Shop our Big Takeover store for back issues, t-shirts & CDs
Follow The Big Takeover
Photo Credit: Lightbox Revelation
Formed in the 80’s, LA MUERTE became one of the apologists of Belgium music in the 80’s. Long before Al Jourgensen and Ministry has started sound-experiments, LA MUERTE had already been edgy and aggressive, inventively pushing the boundaries. Over the course of their career, LA MUERTE didn’t lose this quality. The band’s newest LP, ‘Sortilegia’ came out this November via Consouling Sounds. The Big Takeover sat down with Didier Moens aka Dee-J, the founding member and guitarist of LA MUERTE.
‘Edgy’ has been the main descriptive for your records starting with your first releases and finishing with the recently released ‘Sortilegia’. At the same time, while you mix various styles, tendencies and approaches, your ability to keep everything together in the organic way becomes principal task. What allows you to do this?
It’s part of the band’s DNA. Back in the days, at the beginning of LA MUERTE, we were seen as a UFO in the Belgian rock scene. Our vision, our way of working, our attitude, our looks, our vision, our music… Everything made us different from what was around us. That’s one of the reasons probably why we got more response from abroad in the early days. Belgium followed afterwards. I have the impression that we are still that UFO today. We have kept the same line of conduct, the same ethics.
And how much your meaning what is organic evolved?
I’m talking about the fact that quite often, artists who tend to explore some new sounds and forms of expression need to get outside of their comfort zone.
We are like a dirty, greasy, heavy and unrefined oil slick that moves slowly and destroys everything in its path, even our past. But this slick is also a source of energy that allows creation.
What is certain is that we are attracted to all forms of art and music, from the most extreme to the most classical. Radicality is a fertilizer that is necessary for us even if we get lost on the way and put ourselves in danger outside our comfort zone.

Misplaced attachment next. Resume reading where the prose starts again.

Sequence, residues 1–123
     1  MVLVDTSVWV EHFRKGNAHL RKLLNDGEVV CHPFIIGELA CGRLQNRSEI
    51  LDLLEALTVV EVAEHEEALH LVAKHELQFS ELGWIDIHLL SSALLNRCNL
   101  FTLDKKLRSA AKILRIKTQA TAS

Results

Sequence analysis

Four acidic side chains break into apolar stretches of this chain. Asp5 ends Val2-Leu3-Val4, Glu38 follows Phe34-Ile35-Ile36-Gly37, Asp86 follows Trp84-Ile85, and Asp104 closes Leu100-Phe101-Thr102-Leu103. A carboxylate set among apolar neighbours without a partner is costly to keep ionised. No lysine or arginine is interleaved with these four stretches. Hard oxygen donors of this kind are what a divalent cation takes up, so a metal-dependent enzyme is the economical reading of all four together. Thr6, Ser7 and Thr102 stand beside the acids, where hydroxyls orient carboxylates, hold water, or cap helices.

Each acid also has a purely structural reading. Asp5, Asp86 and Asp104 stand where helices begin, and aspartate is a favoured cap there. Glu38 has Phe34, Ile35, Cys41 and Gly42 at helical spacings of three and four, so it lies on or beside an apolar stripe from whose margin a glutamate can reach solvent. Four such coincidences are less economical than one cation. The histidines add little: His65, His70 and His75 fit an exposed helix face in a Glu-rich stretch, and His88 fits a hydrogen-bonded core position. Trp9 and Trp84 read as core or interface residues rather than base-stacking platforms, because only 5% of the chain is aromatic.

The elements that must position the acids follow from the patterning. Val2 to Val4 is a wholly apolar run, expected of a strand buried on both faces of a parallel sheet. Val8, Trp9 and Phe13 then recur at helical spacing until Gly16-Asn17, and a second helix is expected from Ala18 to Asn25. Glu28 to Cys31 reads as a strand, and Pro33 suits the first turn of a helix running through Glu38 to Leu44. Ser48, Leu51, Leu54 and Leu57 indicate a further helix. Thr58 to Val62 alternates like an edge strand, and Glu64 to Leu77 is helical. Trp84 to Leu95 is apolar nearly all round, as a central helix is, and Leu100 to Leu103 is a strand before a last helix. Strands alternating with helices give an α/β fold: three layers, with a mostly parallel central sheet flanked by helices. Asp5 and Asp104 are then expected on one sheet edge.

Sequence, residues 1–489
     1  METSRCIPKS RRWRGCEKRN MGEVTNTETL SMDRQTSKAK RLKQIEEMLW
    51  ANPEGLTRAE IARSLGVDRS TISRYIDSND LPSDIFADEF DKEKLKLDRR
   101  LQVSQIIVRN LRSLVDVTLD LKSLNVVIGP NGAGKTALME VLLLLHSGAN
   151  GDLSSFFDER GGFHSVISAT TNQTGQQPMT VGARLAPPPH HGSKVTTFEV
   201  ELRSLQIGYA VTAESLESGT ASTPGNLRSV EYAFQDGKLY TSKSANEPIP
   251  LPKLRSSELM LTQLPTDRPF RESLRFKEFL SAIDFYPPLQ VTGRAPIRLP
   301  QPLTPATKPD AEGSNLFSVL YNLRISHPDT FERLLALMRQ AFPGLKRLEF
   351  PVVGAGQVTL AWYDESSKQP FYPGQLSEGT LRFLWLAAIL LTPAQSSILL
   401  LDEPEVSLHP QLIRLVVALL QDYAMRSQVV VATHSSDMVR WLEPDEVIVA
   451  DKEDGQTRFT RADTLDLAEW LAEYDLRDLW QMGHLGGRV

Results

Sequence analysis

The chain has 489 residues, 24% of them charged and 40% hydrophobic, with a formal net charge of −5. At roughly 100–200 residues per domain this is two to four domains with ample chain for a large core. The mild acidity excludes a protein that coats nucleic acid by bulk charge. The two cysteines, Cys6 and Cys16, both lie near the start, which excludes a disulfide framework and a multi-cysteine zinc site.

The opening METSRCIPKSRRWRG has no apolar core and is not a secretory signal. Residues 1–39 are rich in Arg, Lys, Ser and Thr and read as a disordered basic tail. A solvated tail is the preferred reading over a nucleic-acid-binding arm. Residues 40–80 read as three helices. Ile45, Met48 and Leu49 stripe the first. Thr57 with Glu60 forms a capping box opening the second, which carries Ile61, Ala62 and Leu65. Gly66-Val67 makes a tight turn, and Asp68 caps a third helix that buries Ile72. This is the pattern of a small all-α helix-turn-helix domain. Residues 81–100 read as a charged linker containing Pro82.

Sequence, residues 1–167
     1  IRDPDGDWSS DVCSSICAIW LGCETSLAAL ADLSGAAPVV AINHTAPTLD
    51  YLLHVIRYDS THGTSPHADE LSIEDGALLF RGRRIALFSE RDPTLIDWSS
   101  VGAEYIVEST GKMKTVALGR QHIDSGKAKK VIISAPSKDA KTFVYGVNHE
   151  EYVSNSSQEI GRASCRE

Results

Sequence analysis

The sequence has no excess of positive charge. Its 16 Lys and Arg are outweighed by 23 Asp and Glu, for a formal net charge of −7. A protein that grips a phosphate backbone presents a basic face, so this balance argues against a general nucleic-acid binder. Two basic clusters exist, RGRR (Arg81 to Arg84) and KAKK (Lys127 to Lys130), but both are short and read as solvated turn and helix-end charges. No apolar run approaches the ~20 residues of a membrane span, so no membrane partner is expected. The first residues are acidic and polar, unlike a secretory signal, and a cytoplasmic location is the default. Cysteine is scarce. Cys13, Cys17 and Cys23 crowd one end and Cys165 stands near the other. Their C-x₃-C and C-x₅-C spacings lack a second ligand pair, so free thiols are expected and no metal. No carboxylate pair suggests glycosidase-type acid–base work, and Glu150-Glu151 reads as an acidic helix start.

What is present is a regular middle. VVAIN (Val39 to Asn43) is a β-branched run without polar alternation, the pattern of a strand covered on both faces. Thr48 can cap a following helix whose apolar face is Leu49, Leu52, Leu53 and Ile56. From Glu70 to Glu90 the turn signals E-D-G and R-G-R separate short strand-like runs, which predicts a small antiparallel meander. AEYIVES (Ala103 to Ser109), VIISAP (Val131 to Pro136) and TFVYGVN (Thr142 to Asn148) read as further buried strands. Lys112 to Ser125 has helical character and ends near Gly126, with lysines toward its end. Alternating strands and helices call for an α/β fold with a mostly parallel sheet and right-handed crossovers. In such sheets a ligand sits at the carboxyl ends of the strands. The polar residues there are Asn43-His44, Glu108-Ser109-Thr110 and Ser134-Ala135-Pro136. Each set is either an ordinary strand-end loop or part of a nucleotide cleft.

Our open-mindedness allows us to do many things at the risk of going off course.
We are in spontaneity where calculation has no place.
Another artist as edgy as LA MUERTE that comes to my mind is Public Image Ltd, of the early era. Before our interview, you’ve mentioned that you got the chance to see their first ever show…
I actually had the chance to see Public Image’s very first try out in Brussels.
What impression did they create ?
I think I saw a concert that sums up what rock’n‘roll should be for me: unpredictable, edgy, disturbing, inventive. The concert itself, pure chaos. Lydon singing with his back to the audience, Keith Levene grandiose in his aggressiveness and arrogance. Wobble nonchalantly in his chair. I knew I was watching a major landmark in music.
The advent of punk made many people realise that a guitar and a few chords were enough to be a musician and form a band. But that wasn’t enough for me. I’ve always had an attraction to guitarists who step outside the lines, or create their own style without being virtuosic. Keith Levene, but also Geordie Walker, Daniel Ash, Rowland S Howard… And especially Andy Gill. I saw Gang of Four in 79, I think, in England. It was when I saw Gill on stage that I said to myself, if one day I’m going to play, it’s going to be like him. The attitude, the coolness, the style… It was very natural for me to build up my own style throughout the years…
Alongside with Marc du Marais you agreed on the fact that ‘Sortilegia’ is quite a surreal record. What affected the nature of this release?
Our major influence is to always push our sonic and technical limits further.
Radicality is our favourite playground that pushes us forward, this choice is not always easy in the world of the rather conventional rock-and-roll that loves putting bands in boxes. We lack boxes.
As for surrealism, it’s in our veins, we are Belgian, it’s cultural and it’s part of our daily life, our spirit and our way of being and thinking, and we don’t realize it anymore.
After the pandemic a lot of artists felt the necessity of a self-search. How much the whole situation of being isolated affected you on a personal and creative levels?
The pandemic has not changed our way of working and seeing things. Isolation has always been our bread and butter, we have always been alone and apart. We don’t need an exceptional external event to make us aware of things, problems, to reflect or to have a self-reflection.
How can you describe the process of work ? Especially, getting back to the writing part 5 years after your last release.
Our process is really peculiar. We work in total chaos and anarchy, often on our own, it’s electric, tense and sometimes complicated but it works!
I never understand how we manage to tune our violins to give life to our songs and give birth to an album. It’s the mystery and the magic of creation, it always fascinates me the moments of floating and then bang we have the thing in front of our nose. We don’t have any set rules or schemas already written down, that’s how we work, by wild instinct.
At the present moment, we’re waiting to see you live in Brussels, in January 2023 performing ‘Sortilegia’ entirely. Anything to share with your fans?
There will be probably at least 6 new songs from the new album with another part composed of the previous album and EP, as it’s been a long time since we played in Brussels, since the last album, it is important to let them discover the new stuff, and not forget the past too.